The foundation of any cybersecurity strategy lies in the formulation and constant refinement of strong security policies. These policies are the playbook for defending against a myriad of threats, setting the standards for how organizations protect their critical systems and sensitive information. Negligence, incompetence, or simple inadvertence can all lead to breaches, making it critical to address not just technological vulnerabilities but also the human element within an organization.

Training and awareness programs are key to fortifying the human link in the security chain, ensuring that staff are not only cognizant of the risks but also equipped to act as vigilant sentinels against insider threats. Through a combination of technical safeguards and educated personnel, organizations can cultivate a security-conscious culture that stands as a formidable barrier against both deliberate and accidental compromises.

Enhancing Threat Intelligence and Response

Enhancing threat intelligence means using advanced technologies and real-time data to accurately anticipate and respond to threats. AI-powered models, ActiveEDR, and incident response planning form the vanguard of this effort, enabling security teams to identify and neutralize threats before they can wreak havoc. Such proactive measures are bolstered by international cooperation, underscoring the global nature of the challenge posed by cyber terrorism and other security issues.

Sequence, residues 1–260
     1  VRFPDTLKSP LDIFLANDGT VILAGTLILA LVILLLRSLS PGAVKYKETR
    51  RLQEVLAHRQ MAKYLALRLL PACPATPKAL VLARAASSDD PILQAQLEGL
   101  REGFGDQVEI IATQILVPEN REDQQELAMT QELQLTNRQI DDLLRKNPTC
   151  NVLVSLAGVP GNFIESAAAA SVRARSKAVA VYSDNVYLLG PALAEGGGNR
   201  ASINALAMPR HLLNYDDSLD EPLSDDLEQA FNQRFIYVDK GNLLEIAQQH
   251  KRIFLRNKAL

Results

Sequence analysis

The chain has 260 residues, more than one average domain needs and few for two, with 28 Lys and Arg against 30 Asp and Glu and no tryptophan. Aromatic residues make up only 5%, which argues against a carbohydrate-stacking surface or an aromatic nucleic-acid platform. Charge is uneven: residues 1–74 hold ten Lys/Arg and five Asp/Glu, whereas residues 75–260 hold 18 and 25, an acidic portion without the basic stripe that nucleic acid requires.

The path to resilience is paved with the insights gleaned from threat intelligence feeds, vulnerability assessments, and cybersecurity training. By engaging managed detection and response providers, organizations can concentrate on fortifying their defenses, tailoring their security posture to the specific threats they face and ensuring that when an attack does occur, they are ready to respond with speed and efficacy.

Frequently Asked Questions

What are the main types of threat actors?

The main types of threat actors in the cyber threat landscape include:

  • Hacktivists: Individuals or groups driven by political or social motivations. They often use denial of service attacks and other disruptive tactics.
  • Cybercriminals: Attackers focused on financial gain through activities like ransomware attacks, fraud, or theft.
  • Insiders: Employees or associates with access to internal systems who may misuse their privileges to gain unauthorized access and cause harm.
  • Nation-State Actors: Government-affiliated groups targeting other nations for espionage, disruption, or sabotage. Nation-state threat actors often engage in advanced persistent threats (APTs).

How do threat actors choose their targets?

Threat actors select targets based on various factors such as the potential for financial gain, political or ideological impact, ease of access, or specific vulnerabilities in the target’s security posture. For instance, nation-state actors may target critical infrastructure or intellectual property, while cybercriminals may go after businesses with weak defenses. Threat actor targets often include financial institutions, critical systems, and computer systems with exploitable weaknesses.

What motivates different types of threat actors?

Different threat actors have varying motivations: